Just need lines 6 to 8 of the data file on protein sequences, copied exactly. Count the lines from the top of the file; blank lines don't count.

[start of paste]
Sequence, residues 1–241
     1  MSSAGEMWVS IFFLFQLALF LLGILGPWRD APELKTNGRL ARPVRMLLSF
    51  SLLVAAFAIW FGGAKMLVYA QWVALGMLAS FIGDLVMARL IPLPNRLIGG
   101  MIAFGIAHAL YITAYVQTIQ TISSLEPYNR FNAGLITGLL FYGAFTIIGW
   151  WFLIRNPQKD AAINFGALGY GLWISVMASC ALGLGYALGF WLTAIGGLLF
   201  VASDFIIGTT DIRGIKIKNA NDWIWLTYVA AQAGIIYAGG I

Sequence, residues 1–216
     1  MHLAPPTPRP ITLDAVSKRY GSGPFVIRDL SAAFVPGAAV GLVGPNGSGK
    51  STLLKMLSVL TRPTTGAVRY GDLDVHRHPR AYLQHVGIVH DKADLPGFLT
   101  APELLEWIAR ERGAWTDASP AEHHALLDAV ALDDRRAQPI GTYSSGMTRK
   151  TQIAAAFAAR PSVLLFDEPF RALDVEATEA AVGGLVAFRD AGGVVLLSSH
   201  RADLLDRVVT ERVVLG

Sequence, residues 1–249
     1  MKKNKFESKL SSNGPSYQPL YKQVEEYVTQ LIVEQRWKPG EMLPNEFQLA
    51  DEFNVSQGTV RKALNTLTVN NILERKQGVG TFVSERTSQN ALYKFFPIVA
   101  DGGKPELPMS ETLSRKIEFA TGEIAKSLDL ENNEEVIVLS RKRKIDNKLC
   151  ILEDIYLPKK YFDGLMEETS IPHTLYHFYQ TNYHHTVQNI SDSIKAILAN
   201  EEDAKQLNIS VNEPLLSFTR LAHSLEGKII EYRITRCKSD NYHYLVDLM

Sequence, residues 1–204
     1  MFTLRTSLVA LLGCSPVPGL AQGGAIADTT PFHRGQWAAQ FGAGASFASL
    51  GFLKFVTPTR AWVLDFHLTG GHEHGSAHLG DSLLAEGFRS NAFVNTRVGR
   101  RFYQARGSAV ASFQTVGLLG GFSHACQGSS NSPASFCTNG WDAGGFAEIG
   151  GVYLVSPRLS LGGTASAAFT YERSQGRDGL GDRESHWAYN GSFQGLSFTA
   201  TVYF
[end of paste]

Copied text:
   201  VASDFIIGTT DIRGIKIKNA NDWIWLTYVA AQAGIIYAGG I

Sequence, residues 1–216
     1  MHLAPPTPRP ITLDAVSKRY GSGPFVIRDL SAAFVPGAAV GLVGPNGSGK